LEXINGTON, Ky. — It’s an annual holiday tradition and a local must-do event during spooky season, all set to the sounds of the King of Pop’s “Thriller.”

What You Need To Know

  • Hundreds of zombies are training for the annual Lexington Thriller parade

  • Halloween fans of all ages gather to learn the dance from Michael Jackson's iconic tune

  • Teresa Tomb teaches the dance steps, bringing hundreds of undead dancers to life

  • The 2021 Lexington Thriller and Halloween Parade runs Oct. 24 from 4-9 p.m.

The Lexington Thriller Parade lets hundreds of performers transform themselves into zombies and dance their way down Main Street to the classic Michael Jackson tune.

Thriller "zombies" practice their moves ahead of the Lexington Thriller Parade. (Steve France)

But don’t fear these walking “dead” – it’s all a family-friendly endeavor.

“Nobody gets truly scary, especially with kids, nobody's political, commercial, anything other than just the community getting together to have fun and to delight kids and ourselves,” said Brian Engle, a Lexington Thriller zombie.

Thriller zombies like Engle and Robin Bush said it’s nice to get into the Halloween spirit and “be somebody else.”

“With all the people kind of backing you up, doing the same thing, it makes it feel much less nerve racking,” Bush said. “It's nice to know that I can help people to learn it. It, since I apparently am really good at it, it's nice to be able to help people learn it.”

Halloween enthusiasts of all ages gather under the moonlight at the MoonDance Amphitheater to learn how they will dance, dawdle and drag their way throughout downtown Lexington.

Teresa Tomb is the mastermind behind these deadly dance moves. (Steve France)

Teresa Tomb is an instructor with Mecca Dance Studios, and it’s her job at rehearsal to teach the dance steps and bring these dancers to life, together to one beat. 

“Zombies aren't known to be accomplished dancers, so anyone, any zombie can pull off the dance. It's just fun,” Tomb said. “It's something [where] everybody gets a chance to be creative and be part of their town's community.”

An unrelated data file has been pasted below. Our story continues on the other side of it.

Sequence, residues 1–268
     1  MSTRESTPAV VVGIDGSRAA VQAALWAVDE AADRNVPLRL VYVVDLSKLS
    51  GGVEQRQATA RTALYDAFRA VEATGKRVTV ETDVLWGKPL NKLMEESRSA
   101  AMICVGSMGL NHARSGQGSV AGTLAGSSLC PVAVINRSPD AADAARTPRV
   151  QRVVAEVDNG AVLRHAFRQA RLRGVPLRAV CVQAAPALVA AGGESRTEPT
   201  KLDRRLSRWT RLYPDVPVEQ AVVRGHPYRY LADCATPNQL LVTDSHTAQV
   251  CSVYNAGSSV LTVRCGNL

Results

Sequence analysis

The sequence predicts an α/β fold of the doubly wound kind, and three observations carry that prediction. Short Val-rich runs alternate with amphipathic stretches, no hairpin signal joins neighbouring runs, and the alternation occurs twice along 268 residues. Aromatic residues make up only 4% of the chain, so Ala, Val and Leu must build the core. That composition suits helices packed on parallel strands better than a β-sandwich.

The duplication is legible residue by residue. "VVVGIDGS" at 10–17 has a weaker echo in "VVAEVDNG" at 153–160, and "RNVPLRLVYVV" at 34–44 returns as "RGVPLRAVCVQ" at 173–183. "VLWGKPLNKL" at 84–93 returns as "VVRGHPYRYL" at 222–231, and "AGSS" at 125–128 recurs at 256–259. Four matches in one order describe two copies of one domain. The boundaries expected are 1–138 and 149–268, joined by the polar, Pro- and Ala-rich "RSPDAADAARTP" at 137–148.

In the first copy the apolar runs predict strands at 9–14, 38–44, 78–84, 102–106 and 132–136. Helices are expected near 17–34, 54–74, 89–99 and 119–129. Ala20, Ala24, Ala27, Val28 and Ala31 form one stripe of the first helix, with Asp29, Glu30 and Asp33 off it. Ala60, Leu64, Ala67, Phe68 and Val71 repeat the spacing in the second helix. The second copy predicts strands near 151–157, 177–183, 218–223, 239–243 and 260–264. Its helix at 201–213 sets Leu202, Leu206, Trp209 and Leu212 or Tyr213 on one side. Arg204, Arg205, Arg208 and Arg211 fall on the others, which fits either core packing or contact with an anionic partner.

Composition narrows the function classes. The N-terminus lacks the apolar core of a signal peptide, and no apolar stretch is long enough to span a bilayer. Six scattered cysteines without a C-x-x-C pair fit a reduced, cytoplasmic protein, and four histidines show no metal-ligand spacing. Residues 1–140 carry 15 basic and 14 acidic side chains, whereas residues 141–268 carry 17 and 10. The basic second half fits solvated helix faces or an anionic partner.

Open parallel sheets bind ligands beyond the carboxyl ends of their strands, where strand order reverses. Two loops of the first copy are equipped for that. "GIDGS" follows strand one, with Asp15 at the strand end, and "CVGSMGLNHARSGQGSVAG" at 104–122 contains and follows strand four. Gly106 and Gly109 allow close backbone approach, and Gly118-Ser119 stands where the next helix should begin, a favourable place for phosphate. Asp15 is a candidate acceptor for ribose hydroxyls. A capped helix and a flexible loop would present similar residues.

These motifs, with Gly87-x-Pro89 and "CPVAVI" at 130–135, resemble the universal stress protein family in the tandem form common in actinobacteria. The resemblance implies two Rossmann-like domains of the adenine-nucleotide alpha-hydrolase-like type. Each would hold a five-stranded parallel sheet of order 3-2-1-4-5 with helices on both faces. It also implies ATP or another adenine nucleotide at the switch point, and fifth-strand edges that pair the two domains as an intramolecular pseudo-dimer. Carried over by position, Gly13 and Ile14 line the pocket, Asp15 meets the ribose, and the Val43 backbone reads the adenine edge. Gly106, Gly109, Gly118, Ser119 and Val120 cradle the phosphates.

The first year saw around 50 zombies and one Michael, and Tomb said it’s grown more and more each year.

“I know in some of the really peak, larger years we've had over a thousand zombies,” she said. “It's fun.”

Lexington Parks & Recreation and WRFL radio also play key roles in bringing this event together. Each of the dancers, once transformed into zombies, will need to follow the lead of Michael Jackson, played at this practice by both Alex Livingood and Cameron Jones-Commodore.

Cameron Jones-Commodore is a Lexington Thriller veteran. (Steve France)

“I love it. I've always loved it. I love that people care enough to come and learn and try something new, and come out of their comfort zone,” Livingood said. “I love that all types of people come out for a common cause.”

This year marks Jones-Commodore’s ninth Lexington Thriller. 

“In years past, we've had 1,400 zombie participants,” he said. “I try not to think so much about the numbers. It is exciting of course, but really, I get as much from them as I think they get from watching me, they inspire me.”

Lexington’s Thriller has been named a Top 10 Halloween Destination by USA Today and was featured in the Top 25 Best Halloween Festivals Across the U.S. by Oprah Magazine.  

“Hopefully, this will be a tradition that brings lots of people to downtown Lexington, for lots of good, clean fun for years and years,” said Thriller zombie Dan Nehring.

The 2021 Lexington Thriller and Halloween Parade runs Oct. 24 from 4-9 p.m. ET.